Memorial Day: A Veteran's Perspective
Sgt William (Bill) C. Newell USMC
Treasurer Fall of Saigon Marines Association
I didn't have any political sophistication upon joining the Marine Corps; furthermore I had no political motive in volunteering for Vietnam. I simply wanted to serve my country as my father and uncles had all done before me.
I arrived in Saigon on May 5, 1974. Our unit's mission was to provide security for US facilities and protection for American personnel working in Vietnam, including Ambassador Graham Martin and his state department staff. I served nearly one year as an embassy marine until April 30, 1975 when at 0735H in the morning I was airlifted off the roof of the embassy and flown to the safety of the 7th fleet off the coast in the South China Sea.
Marines on roof of American Embassy Saigon
My tour of duty was very routine until the last 5 months when the North Vietnamese launched their last offensive on South Vietnam.
From January on the political and military situation deteriorated until the final few weeks, when the city of Saigon was surrounded by (16) North Vietnamese divisions. On (3) occasions the city was bombed by enemy aircraft. We were subjected to hostile small arms fire from military forces and rioting by Vietnamese civilians. The city and our positions were shelled by artillery and rockets from advancing military units, the latter resulting in the deaths of two of our Marines LCpl Judge (from Iowa) and Cpl McMahon (from Woburn, MA).
LCpl Darwin Judge and Cpl Charles McMahon
They and two additional marines were killed when their helicopter crashed into the sea attempting to reach the ships, and they were among the last to die in the war. Continually threatened by incoming fire and the imminent danger posed by massive crowds that gathered outside the embassy we remained at our posts
until all noncombatants at the evacuation sites of Tan Son Nhut airbase and the actual embassy compound were safely loaded aboard aircraft and flown out. We were the last to leave both sites--the final military personnel to serve in Vietnam.
As I look back on my Vietnam experience I hope that all Americans will separate the noble sacrifice of American veterans from the political mistakes of the war. When asked to serve the veterans' gave their time, energy, youth, health and in many cases their lives. The Americans who served were answering the call of one of our greatest Americans, John F. Kennedy, who said, "Ask not what your country can do for you, but what you can do for your country". Herein lie important political and personal lessons for me.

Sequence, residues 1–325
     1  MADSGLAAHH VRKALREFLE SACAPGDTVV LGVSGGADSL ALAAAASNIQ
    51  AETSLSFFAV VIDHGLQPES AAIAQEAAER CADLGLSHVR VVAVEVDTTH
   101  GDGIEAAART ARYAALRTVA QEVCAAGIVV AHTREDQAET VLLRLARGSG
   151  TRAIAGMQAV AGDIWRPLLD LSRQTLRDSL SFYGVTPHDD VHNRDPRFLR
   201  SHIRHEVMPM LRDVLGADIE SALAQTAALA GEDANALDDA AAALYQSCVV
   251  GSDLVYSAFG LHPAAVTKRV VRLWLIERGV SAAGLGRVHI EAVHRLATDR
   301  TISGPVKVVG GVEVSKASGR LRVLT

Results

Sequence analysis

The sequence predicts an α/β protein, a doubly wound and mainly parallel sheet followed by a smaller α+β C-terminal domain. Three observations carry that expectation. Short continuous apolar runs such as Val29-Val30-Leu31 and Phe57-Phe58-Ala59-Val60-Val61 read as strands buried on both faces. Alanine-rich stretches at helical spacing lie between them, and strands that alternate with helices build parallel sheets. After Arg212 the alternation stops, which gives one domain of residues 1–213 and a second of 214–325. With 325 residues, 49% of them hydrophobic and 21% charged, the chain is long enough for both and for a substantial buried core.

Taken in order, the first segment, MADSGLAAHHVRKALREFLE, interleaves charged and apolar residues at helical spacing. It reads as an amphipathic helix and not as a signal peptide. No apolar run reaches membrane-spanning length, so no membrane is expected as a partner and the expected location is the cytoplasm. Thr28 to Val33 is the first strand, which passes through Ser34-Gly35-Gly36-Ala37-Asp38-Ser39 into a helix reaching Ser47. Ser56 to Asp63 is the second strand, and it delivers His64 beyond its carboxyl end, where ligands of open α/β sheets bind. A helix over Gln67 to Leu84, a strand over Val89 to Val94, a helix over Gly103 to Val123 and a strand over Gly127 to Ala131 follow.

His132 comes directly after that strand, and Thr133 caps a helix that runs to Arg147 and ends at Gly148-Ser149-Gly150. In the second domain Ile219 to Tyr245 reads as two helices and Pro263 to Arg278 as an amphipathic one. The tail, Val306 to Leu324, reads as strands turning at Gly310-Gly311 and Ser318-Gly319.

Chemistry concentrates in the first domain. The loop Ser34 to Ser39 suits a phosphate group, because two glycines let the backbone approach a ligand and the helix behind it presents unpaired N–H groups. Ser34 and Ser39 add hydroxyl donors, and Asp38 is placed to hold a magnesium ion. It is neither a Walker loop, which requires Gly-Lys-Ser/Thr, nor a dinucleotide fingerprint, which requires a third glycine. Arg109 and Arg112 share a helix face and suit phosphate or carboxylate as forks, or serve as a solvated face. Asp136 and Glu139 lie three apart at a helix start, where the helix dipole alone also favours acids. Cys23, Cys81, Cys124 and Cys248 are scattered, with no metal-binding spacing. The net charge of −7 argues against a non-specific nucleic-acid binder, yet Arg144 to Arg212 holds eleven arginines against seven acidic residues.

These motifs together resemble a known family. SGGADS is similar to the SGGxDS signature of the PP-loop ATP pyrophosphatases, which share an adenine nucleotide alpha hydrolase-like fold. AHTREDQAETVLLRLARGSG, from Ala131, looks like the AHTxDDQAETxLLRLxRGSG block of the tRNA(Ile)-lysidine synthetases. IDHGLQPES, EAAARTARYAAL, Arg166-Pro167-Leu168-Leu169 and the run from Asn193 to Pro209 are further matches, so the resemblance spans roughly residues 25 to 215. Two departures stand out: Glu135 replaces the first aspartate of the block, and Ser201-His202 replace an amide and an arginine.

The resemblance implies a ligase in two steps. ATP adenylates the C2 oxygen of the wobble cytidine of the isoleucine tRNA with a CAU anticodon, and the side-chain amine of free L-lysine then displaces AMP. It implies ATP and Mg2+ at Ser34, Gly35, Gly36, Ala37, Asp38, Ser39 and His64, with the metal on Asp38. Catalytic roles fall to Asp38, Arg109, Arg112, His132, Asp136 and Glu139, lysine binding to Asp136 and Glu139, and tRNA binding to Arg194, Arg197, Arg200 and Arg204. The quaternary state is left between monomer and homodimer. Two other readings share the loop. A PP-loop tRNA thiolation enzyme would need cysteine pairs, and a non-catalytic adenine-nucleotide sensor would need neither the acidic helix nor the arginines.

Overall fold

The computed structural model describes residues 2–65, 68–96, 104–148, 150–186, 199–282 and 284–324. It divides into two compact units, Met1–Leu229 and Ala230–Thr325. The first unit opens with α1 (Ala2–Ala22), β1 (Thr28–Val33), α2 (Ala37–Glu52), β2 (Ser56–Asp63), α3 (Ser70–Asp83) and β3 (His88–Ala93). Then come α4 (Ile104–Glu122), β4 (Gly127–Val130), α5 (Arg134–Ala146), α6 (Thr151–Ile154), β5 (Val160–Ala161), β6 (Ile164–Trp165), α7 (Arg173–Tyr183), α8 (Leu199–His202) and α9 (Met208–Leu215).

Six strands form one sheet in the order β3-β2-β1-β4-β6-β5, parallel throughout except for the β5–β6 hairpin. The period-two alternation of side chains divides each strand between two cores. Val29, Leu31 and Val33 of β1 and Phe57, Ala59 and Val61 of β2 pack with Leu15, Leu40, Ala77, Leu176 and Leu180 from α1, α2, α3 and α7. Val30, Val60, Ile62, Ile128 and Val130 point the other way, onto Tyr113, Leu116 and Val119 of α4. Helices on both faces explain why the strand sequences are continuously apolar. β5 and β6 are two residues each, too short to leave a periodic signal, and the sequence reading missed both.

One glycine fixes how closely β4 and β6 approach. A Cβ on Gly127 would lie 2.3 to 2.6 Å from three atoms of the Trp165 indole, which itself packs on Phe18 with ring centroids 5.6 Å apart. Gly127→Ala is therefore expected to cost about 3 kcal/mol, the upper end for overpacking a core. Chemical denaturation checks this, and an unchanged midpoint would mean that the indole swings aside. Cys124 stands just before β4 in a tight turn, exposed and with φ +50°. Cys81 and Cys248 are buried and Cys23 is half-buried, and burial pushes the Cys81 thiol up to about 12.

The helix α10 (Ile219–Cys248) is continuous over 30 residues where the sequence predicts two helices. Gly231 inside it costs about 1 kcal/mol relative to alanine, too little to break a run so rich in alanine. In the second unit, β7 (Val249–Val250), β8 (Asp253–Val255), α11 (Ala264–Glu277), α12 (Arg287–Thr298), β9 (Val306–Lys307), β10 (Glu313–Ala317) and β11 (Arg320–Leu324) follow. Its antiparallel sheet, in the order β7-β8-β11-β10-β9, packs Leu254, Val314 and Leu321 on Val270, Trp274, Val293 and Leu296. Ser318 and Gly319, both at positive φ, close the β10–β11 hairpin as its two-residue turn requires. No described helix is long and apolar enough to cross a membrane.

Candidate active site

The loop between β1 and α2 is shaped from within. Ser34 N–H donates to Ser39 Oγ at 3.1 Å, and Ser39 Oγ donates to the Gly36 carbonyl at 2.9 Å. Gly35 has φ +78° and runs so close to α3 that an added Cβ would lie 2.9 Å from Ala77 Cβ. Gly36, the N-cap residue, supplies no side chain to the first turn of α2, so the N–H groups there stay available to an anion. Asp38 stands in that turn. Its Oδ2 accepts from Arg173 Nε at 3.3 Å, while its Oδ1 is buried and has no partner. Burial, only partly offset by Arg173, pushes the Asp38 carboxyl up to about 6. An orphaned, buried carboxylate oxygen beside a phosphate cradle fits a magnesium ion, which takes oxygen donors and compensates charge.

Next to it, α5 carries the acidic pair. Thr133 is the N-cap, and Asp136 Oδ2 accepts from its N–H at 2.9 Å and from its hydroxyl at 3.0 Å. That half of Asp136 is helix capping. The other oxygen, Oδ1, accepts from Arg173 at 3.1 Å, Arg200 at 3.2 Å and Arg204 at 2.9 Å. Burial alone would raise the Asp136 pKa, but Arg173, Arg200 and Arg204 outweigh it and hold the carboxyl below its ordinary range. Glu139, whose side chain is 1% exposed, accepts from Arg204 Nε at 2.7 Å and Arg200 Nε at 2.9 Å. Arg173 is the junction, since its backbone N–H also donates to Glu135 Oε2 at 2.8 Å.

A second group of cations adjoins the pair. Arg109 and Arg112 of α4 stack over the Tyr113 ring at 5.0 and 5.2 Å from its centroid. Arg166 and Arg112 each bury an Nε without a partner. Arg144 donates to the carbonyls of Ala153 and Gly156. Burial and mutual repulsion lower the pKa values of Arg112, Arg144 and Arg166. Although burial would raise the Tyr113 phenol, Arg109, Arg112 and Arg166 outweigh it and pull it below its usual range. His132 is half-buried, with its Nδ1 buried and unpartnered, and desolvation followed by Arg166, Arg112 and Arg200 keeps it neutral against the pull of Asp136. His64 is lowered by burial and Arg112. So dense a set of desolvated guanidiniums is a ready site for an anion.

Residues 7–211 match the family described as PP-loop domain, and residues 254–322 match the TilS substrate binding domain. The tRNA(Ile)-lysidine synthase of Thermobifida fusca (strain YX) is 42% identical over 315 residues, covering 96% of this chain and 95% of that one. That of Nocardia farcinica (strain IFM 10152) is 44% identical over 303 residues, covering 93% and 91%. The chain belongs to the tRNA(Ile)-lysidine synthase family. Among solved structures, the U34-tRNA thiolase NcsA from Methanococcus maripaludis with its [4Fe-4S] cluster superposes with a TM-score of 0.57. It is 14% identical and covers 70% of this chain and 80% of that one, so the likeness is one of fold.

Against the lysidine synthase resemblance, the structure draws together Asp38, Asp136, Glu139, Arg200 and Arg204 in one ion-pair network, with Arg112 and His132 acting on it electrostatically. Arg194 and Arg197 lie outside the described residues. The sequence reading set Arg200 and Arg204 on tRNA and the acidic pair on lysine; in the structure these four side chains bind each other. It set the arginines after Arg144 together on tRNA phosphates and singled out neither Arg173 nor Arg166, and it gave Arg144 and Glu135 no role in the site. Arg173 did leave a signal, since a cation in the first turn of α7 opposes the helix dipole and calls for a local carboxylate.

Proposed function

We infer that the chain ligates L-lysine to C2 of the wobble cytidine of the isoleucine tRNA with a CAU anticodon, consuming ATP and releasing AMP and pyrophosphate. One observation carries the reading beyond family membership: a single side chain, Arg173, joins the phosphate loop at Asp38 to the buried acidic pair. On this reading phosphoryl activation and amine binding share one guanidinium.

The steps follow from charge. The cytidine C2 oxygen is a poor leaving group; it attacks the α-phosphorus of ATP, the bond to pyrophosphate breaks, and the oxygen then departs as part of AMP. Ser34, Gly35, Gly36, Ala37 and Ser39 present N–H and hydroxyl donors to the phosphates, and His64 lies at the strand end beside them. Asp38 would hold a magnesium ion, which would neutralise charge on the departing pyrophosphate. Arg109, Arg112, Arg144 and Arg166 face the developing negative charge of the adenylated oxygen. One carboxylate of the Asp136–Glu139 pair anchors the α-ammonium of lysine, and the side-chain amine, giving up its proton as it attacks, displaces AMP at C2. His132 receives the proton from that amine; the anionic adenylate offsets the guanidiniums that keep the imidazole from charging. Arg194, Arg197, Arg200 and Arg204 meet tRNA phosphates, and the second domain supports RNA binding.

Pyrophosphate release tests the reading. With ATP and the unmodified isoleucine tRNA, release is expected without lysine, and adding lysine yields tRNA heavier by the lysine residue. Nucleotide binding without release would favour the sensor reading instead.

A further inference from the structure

Marines defending the Embassy Wall
Politically: (1) If we embark on a war of any duration the majority of Americans must believe it is a noble cause; it will be their young boys and girls who will die for it. Furthermore, we must be sure to have the full support of the people we are fighting for. Their support is more important than weapons because if people believe a cause is just they are capable of extreme sacrifices. Without that support all the weapons in the world are useless. (2) People don't give a damn about your politics when their bellies are empty. Economic aid and development may be in the long run the lowest cost political strategy. Yet, this is viable only when the local governing authority is willing and capable of providing equitable distribution and delivery of the aid.
Personally: We veterans are war's living legacy. We continue to serve long after as America's conscience. The veteran lives with the suffocating truth of war - not the Hollywood version. I mean to say, if we as veterans do not discuss the war and our experience than someone else will rewrite the script. Each of the body bags and all the graves will be reopened and the contents misrepresented. A veteran who serves and survives the trauma of war has a responsibility to articulate the experience. Not to do so, is to abdicate one's moral obligation to the younger generation. Our inability or reluctance to share the war experience will doom future generations to one day surrender their anatomy, humanity, or life far from home in a military campaign of little or no strategic significance. Public autopsy or our successes and failures as a nation allows us to learn and grow as a people. Our collective conscience and national character can only benefit from this retrospective.
In the future, the hearts and minds that are there to win or lose, belong to our children.
William C. Newell is President of Atlantic Capital Management, Inc., a Registered Investment Advisor located in Holliston, Massachusetts.
This was published in the Boston Herald Sunday edition Memorial Day weekend 2000
Signing Flag for KIA LCpl Judge at 25th Memorial/25th Reunion
Bill Newell at Breakfast at Hotel in Marshalltown, Iowa
Bill Newell top row 4th person from the right.
Picture taken with Susan McMahan sister of Cpl Charles McMahan.
Bill Newell is on top row 4th person from the left.
Picture taken in Marshalltown, Iowa.
LCpl Darwin Judge Memorial.